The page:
CHOOSE OUR FUTURE
Sustainable development, at its heart, is the simple idea of ensuring a better quality of life for everyone now and for generations to come. A widely-used international definition is 'development which meets the needs of the present without compromising the ability of future generations to meet their own needs'. The concept of sustainable development has been around for a number of decades. <http://www.sustainable-development.gov.uk/what_is_sd/history.htm> Although the idea is simple, the task is substantial. It means meeting four objectives at the same time, in the UK and the world as a whole: social progress which recognises the needs of everyone; <http://www.sustainable-development.gov.uk/what_is_sd/object.htm> effective protection of the environment; <http://www.sustainable-development.gov.uk/what_is_sd/object.htm> prudent use of natural resources; <http://www.sustainable-development.gov.uk/what_is_sd/object.htm> and maintenance of high and stable levels of economic growth and employment <http://www.sustainable-development.gov.uk/what_is_sd/object.htm> - www.sustainable-development.gov.uk <http://www.sustainable-development.gov.uk/>
In my last column "The Legacy beyond 2007", I espoused a vision which resulted in the following thought how best can we use the augmented infrastructure, the expected increase in service quality, the enhanced logistics management skills, to introduce innovative tourism linkage projects which would result in sustained tourism growth.
Let us assume that the increased tourism growth from the natural legacy of World Cup 2007 takes place as expected and let us also assume that we obtain a further component of tourism growth by taking advantage of opportunities which arise from expansion of hotel plant and of enhanced sports facilities. In both cases there will be increased demand for diversified tourism services, beyond sun, sand and sea and the traditional points and events of interest.
World Cup 2007 is expected to result in increased service quality and logistics management skills and we must therefore identify projects which will absorb these enhanced resources. One such concept is The Future Centre which is currently being promoted by Counterpart Caribbean, a member of the Counterpart International family which focuses on sustainable development issues.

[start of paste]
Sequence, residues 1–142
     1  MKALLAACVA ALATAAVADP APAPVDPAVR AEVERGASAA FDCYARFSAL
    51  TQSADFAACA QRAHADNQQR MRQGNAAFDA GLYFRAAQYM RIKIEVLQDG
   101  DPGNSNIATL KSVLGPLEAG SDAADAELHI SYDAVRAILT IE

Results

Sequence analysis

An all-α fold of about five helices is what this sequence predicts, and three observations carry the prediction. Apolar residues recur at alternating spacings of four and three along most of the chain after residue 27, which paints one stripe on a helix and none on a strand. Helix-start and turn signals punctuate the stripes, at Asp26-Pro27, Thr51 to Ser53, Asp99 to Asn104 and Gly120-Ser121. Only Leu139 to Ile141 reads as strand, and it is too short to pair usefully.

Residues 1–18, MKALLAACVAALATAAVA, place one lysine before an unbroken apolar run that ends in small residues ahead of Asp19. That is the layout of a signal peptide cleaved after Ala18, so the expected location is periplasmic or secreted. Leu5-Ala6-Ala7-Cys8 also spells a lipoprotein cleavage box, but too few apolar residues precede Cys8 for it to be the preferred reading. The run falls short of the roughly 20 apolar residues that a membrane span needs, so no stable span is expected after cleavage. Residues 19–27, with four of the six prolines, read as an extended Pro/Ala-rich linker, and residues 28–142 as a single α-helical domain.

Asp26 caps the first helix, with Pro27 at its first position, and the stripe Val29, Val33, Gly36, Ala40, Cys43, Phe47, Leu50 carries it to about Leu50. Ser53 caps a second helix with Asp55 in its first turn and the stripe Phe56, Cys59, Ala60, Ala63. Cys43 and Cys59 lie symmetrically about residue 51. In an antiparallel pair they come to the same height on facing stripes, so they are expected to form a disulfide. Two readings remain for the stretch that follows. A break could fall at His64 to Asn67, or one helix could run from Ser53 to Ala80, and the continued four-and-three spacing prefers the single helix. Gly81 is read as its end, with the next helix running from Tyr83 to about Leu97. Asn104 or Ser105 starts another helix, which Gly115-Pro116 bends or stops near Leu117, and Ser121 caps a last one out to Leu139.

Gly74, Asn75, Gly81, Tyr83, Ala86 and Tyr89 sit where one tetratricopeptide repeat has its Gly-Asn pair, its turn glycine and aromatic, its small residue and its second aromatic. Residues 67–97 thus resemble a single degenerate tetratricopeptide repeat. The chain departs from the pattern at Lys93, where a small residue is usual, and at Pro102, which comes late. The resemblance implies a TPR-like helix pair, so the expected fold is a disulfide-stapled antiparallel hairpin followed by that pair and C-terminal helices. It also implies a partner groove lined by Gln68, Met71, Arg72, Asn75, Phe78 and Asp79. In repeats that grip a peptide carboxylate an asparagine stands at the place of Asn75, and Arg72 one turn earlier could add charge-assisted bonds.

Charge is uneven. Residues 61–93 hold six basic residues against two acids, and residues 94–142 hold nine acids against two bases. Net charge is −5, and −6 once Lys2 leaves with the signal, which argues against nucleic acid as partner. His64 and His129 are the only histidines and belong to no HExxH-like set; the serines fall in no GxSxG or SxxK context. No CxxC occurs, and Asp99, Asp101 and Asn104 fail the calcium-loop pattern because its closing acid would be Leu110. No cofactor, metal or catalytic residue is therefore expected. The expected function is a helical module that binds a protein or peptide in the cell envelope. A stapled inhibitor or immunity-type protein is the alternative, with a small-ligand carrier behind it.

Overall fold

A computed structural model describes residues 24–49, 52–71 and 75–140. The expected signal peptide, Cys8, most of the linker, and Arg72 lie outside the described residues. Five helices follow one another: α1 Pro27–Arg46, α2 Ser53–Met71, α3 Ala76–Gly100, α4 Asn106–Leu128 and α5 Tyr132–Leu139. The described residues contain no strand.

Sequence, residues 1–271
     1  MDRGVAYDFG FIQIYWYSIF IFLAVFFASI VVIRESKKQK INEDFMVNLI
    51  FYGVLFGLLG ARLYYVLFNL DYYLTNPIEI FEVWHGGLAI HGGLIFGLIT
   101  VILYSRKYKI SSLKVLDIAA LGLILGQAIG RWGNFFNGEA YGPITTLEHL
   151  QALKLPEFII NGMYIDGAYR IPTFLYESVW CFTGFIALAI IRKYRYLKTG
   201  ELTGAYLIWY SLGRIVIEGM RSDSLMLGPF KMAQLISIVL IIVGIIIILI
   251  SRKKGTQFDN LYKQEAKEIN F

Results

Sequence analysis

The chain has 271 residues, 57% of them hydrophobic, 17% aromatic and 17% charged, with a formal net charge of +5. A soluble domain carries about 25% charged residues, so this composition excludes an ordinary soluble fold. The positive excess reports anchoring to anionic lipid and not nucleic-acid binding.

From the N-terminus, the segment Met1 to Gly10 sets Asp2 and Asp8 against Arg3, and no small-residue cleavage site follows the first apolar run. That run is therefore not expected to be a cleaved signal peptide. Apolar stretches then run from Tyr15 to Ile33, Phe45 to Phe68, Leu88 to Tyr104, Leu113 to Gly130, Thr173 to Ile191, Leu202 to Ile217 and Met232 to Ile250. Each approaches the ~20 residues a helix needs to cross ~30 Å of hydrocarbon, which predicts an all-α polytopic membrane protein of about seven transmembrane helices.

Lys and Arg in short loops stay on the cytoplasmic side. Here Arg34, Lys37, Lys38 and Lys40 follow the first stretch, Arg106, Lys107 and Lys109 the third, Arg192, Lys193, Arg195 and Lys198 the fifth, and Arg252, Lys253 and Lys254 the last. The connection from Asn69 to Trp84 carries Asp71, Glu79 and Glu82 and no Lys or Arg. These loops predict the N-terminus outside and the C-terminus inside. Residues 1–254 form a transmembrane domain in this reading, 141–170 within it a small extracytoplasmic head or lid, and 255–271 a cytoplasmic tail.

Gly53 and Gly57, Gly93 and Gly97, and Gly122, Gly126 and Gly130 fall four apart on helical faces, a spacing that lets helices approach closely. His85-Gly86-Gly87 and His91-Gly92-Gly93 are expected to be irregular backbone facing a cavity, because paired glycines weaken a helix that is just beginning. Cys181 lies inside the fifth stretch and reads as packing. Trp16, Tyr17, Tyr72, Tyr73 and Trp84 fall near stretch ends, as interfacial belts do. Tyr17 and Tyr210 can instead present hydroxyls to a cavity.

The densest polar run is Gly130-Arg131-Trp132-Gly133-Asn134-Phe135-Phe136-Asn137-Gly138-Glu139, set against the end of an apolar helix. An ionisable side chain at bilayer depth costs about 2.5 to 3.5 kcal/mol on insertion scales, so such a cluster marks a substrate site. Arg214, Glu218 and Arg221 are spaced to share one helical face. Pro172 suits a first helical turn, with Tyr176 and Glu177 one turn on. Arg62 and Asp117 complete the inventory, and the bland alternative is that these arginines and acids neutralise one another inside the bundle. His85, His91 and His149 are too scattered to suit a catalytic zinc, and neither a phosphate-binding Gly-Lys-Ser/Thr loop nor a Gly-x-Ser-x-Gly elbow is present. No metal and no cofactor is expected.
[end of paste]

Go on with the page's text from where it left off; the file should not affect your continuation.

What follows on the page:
The Future Centre, at Edgehill in St. Thomas, Barbados is an educational and scientific exhibition for visitors and residents alike and holds special appeal for children as they learn what they need to do today, to protect the earth for their children and grandchildren. Our Mission is "To stimulate awareness of, and address the need for, sustainable development in the physical, economic, social and cultural life of Barbados and the Caribbean".
Development is inevitable, but development and environmental stewardship need not be incompatible goals. We are demonstrating ways in which opportunities can be grasped and the problems associated with development can be solved. The exhibits include: climate change, garbage separation, reduce ˆ reuse ˆ recycle, composting, traffic congestion, renewable energy, preserving our past-protecting our future, biodiversity, organic farming, under water challenges and cultural awareness. Some of these suggestions are demonstrated by exhibits created by Barbadian children.
We are demonstrating to individuals and businesses how they may become more competitive by using human and material resources more effectively and efficiently and consequently stepping lightly‚ on the earth. This model may be extended throughout the Caribbean.
At present The Future Centre is visited by students from kindergarten to tertiary level, and children attending holiday camps who use it as an information source for school and college environmental projects.
Our aim is to develop this activity much further so that eventually The Future Centre will attract droves of tourists, residents and children in the same way that the UN SIDS Village of Hope experienced a massive in-flow of visitors over a two-week period in 1994.
Counterpart Caribbean is structured to be a financially self-sustaining operation. However, the following analogy might be instructive: As parents have the responsibility for the development of a child before the child is ready to face the economic world on its own, so, too, must Counterpart Caribbean find Œgodparents‚ to support its activities during this development phase.
Counterpart Caribbean is appealing to the social partner community to act as godparent during the development phase of our activity. Our target is to have a visitor attraction well on its way to the quality of the Smithsonian Institution by World Cup 2007. To this end we are mounting a fundraising event in the form of an inaugural annual Golf Tournament on September 07 2004 at Royal Westmoreland Golf Club, St. James. Many companies have already committed to sponsor teams of four but space is still available. The round of golf should provide great relaxation and will be followed by a reception where prizes will be awarded.
The third annual Luncheon of The Cardiac Support Group of the Heart Foundation of Barbados will be held at The Future Centre on Sunday September 19 on which occasion patrons will have the opportunity to view the exhibits in their present state. The funds raised at this event will go towards supporting invasive cardiac surgical patients and their families.
Sustainable development issues are global and hence very relevant to tourists. It is expected that The Future Centre will be developed so that it will be a must‚ to visit on every tourists‚ programme, hence our source of financial viability. Smithsonian, here we come!
(Dr. Basil Springer GCM is Change-Engine Consultant, Caribbean Business Enterprise Trust Inc. (CBET) - http://www.cbet-inc.org